The long-awaited “deal of the century” being prepared by the Trump administration to supposedly resolve the Arab-Israeli conflict has yet to be announced, with no clear timetable for when it might be finalized. However, there are enough facts known about it to cause serious alarm among Palestinians and in the wider Arab and Islamic worlds.
First, the deal is being worked out by two novices, President Donald Trump’s advisors Jason Greenblatt and Jared Kushner, who have no understanding of the nuances of the Israeli-Palestinian conflict and the compromises necessary from both sides to make a deal stick. Moreover, both men have displayed a significant ideological bias toward Israel.
Second, the Trump administration seems to think that it has taken Jerusalem off the table through its decision last December to recognize the city as Israel’s capital. However, by doing so, it totally ignored that East Jerusalem stands at the core of a minimally acceptable deal for Palestinians.
Third, the American negotiators seem to hold the naive view that they can impose a “regional” settlement, one that involves Arab states willing to compromise with Israel, without necessarily taking into consideration the will of the Palestinians themselves! They appear to believe, for instance, that the Saudis can push the Palestinians into signing off on an accord that does not include East Jerusalem.
But that is not all. According to what has been leaked from private discussions U.S. officials have held with the Palestinians and others, the American team believes that the Palestinians can be made to accept an arrangement that, in addition to eliminating East Jerusalem, would also exclude from a future Palestinian state the Jordan Valley, the lands on which Israeli settlements have been built, and any, even a symbolic, right of return for Palestinian refugees. Only those not aware of the most basic facts can have the audacity to call such an absurdity “the deal of the century,” unless they only have the interests of one party to the conflict—Israel—in mind.
The Palestinians have presented their own affirmative plan of what their conditions are to accept a regional solution to the conflict. It is a land-for-peace formula based on the Arab Peace Initiative agreed at the Arab League summit held in Beirut in 2002 and endorsed by all Arab countries. That means a solution that is based on the 1967 borders, East Jerusalem included.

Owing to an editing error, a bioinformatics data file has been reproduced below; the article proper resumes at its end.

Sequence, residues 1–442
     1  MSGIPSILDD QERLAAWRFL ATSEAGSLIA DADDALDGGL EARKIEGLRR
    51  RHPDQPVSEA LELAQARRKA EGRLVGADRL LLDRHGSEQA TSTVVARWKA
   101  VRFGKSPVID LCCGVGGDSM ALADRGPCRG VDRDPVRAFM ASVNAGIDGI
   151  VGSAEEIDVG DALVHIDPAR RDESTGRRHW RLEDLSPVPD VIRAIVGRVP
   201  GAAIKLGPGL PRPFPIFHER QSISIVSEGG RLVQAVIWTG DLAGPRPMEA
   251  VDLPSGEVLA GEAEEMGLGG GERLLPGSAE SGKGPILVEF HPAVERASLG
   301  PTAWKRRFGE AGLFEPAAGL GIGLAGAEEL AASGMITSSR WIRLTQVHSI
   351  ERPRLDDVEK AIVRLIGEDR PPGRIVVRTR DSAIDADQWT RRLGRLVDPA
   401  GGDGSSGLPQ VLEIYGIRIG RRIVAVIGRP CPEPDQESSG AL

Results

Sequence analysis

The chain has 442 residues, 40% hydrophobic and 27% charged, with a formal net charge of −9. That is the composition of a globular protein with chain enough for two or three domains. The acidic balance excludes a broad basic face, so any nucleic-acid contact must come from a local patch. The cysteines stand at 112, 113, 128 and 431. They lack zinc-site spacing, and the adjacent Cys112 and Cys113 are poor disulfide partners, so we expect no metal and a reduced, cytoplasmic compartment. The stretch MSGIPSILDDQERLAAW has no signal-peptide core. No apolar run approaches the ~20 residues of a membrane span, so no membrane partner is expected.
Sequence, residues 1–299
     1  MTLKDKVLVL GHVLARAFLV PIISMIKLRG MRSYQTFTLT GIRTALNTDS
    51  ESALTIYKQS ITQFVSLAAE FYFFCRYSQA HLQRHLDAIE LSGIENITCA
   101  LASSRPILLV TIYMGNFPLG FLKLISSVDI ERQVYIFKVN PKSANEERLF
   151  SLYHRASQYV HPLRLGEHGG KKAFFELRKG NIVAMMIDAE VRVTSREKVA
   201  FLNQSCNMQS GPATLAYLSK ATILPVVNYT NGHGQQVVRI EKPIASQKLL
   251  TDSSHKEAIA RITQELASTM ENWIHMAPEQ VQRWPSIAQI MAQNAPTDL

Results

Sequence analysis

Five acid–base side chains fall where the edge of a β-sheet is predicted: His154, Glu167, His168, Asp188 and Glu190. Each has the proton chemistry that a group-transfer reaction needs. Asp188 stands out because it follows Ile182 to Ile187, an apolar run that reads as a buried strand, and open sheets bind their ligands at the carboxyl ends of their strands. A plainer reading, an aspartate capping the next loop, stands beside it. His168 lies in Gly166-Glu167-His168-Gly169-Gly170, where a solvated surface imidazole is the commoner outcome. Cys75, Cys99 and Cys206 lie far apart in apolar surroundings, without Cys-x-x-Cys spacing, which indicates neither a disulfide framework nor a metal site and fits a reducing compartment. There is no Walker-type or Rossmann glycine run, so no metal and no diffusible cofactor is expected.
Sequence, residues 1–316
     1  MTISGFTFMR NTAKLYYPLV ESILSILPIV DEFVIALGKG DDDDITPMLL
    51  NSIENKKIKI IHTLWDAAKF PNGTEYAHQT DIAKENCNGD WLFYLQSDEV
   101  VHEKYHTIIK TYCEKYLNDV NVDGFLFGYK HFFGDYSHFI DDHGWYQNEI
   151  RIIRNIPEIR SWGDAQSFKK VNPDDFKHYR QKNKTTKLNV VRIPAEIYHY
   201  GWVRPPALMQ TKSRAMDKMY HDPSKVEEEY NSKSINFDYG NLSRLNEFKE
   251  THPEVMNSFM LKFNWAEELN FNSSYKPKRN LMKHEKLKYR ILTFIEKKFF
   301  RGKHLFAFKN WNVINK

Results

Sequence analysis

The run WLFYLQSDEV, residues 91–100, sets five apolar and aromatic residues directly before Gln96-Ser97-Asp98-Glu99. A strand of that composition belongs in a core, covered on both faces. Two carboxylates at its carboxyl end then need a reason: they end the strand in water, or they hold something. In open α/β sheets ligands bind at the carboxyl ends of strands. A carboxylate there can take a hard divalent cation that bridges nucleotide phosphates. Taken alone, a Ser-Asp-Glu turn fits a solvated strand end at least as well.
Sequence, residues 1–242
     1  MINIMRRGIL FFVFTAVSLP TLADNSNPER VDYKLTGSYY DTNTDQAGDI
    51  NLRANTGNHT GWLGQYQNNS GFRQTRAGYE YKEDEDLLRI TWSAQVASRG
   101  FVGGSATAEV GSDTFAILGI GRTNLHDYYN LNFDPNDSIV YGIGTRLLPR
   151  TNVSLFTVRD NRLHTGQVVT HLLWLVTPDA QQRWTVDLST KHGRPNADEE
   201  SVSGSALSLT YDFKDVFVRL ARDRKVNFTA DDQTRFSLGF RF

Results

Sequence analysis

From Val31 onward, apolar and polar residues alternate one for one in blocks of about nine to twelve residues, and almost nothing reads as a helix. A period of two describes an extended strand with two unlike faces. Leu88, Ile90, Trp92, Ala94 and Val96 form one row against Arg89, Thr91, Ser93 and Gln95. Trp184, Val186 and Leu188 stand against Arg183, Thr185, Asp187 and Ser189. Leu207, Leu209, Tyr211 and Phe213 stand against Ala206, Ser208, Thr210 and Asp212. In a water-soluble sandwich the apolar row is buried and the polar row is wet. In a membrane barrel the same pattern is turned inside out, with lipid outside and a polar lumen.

The Trump administration is dead wrong if it thinks the Saudis can convince any Palestinian leader, or their own public for that matter, to give up on Jerusalem and sign a deal that will be regarded as an insult to the sensibility of Palestinians, of all countries in the Arab and Islamic worlds, and of most countries around the world. In 2000, the Palestinian leader Yasser Arafat found it difficult to accept a deal that would have awarded him all of East Jerusalem outside the old city’s walls, and most of it within the walls. Arafat’s successor, Palestinian President Mahmoud Abbas, who does not have his predecessor’s stature, would not even be able to contemplate accepting the U.S. deal currently being worked out. It is also highly doubtful that any alleged pressure by Saudi Arabia on the Palestinians, even if reports about this are true, can become publicly known without provoking serious negative reactions from Saudi domestic public opinion and undermine the country’s standing as leader of the Islamic world.
The “deal of the century” is a non-starter, a non-deal, if leaks about its provisions end up being confirmed. The Palestinians are sure to reject it, with life continuing under the occupation. As a worst-case scenario, Abbas is more likely, if it becomes clear that an acceptable deal is not in the works, to dismantle the Palestinian National Authority and hand back the keys to the Israeli occupation authorities. That is a far more probable scenario than the political survival of a Palestinian leader who accepts a settlement based on current U.S. thinking.
What does all this mean? For Palestinians, the rejection of the deal would mean continuing to live under Israeli occupation, but with a different twist. The new generation, which is increasingly convinced that a two-state solution is not in the works, is already shifting its emphasis from focusing on the shape of a solution to a rights-based approach. Younger Palestinians are intent on raising the cost of the occupation and attaining civil and political rights for their people, even under Israeli control.
For Israel, it also means the occupation continues—but not indefinitely. The future path is rather obvious: If there is no two-state solution, the Palestinians’ only long-term option is to insist on, and work toward, a one-state solution with equal rights for Palestinians. The demographics are clear as to what that would entail. With the populations of Palestinians and Israeli Jews in areas under Israel’s control roughly equal today at around 6.5 million each, the unequal birth rates of the two communities mean that Palestinians will be a majority in a generation’s time. While Israel will probably attempt to have a two-layered citizenship approach then—in other words an apartheid system—no minority in history had been able to rule over a majority population indefinitely.
The deal of the century? The Israelis may have their cake and eat it in the short run, but in the long run the situation may be reversed in the Palestinians’ favor. Any serious deal will have to take the interests of both sides into consideration.